Saturday, 22 February 2014

What Are The Ukrainians Protesting About?

Truly sickening scenes coming out of the Ukraine but the whole thing has a feel of a proxy war between the EU, Russia and the USA with Ukrainians stuck in the middle of the conflict.
Reports are of 77 killed so far and the EU have imposed sanctions while the USA are said to be 'actively considering a range of options on how to respond to violence in Ukraine'.
Although it is being painted as a case of the pro-Europeans Ukrainian people fighting to overthrow an anti-EU Government, you would be forgiven for not realising that it is not quite as black and white as is being portrayed.
Like most countries, the Ukraine is in debt and has a £16.5 billion loan from the IMF to pay off and the European Union made an offer of £1bn and closer ties to the European Union although this came with the strings attached of enforcing austerity measures and cutting public spending although the carrot of possible future EU membership was dangled tantalisingly before them.    
Russia then made a counter offer of £15bn and closer ties to the Russian market, joint enterprises in heavy industries with lower gas prices thrown in. The Ukrainian Government left the EU offer on the table and agreed to the Russian deal.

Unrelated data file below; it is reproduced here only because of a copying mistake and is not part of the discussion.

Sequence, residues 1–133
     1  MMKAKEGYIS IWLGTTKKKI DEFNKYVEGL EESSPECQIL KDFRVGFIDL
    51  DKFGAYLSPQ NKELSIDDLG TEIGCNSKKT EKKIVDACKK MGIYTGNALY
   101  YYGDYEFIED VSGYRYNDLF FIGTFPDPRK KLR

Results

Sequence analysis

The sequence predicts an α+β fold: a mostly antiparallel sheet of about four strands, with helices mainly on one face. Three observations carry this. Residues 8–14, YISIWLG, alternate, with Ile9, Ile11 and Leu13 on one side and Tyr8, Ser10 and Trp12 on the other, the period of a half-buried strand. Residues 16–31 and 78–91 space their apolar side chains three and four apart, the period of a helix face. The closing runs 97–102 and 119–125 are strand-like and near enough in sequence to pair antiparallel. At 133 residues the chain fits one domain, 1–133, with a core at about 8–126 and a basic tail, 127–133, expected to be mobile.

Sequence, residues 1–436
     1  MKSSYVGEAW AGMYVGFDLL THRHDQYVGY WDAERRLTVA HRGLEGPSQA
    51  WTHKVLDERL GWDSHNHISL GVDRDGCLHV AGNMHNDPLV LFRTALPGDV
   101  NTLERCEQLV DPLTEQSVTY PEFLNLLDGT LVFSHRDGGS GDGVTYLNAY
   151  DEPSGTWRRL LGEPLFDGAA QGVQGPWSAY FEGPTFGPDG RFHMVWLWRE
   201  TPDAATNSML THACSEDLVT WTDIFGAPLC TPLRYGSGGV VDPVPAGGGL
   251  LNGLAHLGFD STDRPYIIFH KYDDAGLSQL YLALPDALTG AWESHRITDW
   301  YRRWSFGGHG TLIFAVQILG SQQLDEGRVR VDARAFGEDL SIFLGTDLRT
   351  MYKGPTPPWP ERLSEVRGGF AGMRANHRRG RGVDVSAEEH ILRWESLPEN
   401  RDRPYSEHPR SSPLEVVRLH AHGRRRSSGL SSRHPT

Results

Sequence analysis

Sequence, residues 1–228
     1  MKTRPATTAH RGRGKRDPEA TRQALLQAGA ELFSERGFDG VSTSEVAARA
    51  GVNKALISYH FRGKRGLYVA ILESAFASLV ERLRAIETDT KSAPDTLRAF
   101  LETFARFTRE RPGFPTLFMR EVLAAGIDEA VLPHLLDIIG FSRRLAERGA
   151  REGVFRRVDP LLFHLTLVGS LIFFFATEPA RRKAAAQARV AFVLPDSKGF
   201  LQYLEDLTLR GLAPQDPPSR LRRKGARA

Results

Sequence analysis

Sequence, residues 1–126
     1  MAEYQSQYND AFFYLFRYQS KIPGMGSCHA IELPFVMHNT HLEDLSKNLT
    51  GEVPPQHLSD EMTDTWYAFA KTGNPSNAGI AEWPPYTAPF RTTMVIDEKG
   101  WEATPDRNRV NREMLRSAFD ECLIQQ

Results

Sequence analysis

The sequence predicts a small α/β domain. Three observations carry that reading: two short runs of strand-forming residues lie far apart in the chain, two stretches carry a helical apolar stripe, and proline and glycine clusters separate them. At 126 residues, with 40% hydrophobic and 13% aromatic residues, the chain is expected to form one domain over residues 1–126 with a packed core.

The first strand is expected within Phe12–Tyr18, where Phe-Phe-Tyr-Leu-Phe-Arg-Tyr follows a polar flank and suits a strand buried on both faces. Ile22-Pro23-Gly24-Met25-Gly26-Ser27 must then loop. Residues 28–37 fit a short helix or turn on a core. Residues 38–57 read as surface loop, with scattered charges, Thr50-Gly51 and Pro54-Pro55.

Protests began and here is where the Worlds media looked that way, as the situation deteriorated as the Ukrainian police launch a raid on protesters, arresting 35 who had occupied the City Hall.
Anti-protest laws are passed, the unrest turns deadly as Government offices are overrun by protesters and international pressure is applied. 
All this brings us to today as the Ukraine's parliament votes to oust President Viktor Yanukovych and Yulia Tymoshenko is expected to pick up the reins which is looking likely to lead to the West besting the East and the Ukraine dusting off the original EU offer and leaving a very irked Vladimir Putin on its Eastern flank. 
I hope i am wrong and it all turns out wonderful but i do fear that the protests on the streets of Ukraine will resurface as this may yet turn out to be a case of being careful what you wish for because what the protesters may have got is the hard slog of IMF austerity foisted upon them and you only need to look at the Greeks to see how that can turn out.
With the Standard and Poors' reducing the Ukraine’s rating to CCC- on the strength that the Russian money will not now be forthcoming, it is already looking like the Ukraine's problems may not be over.


Aaron said...

Looking at these language and electoral maps of Ukraine on Wikipedia, it seems to me like Ukraine is two countires forced into one. In the West, you have pro-Western Ukrainian speakers that largely support Tymoshenko, and in the East you have pro-Russian Russian speakers that largely support Yanukovych.

Germany is out there now saying that Ukraine must preserve it's "national unity," but I'm thinking that when you've had two presidential ousters in ten years, whatever "national unity" you have is not worth preserving.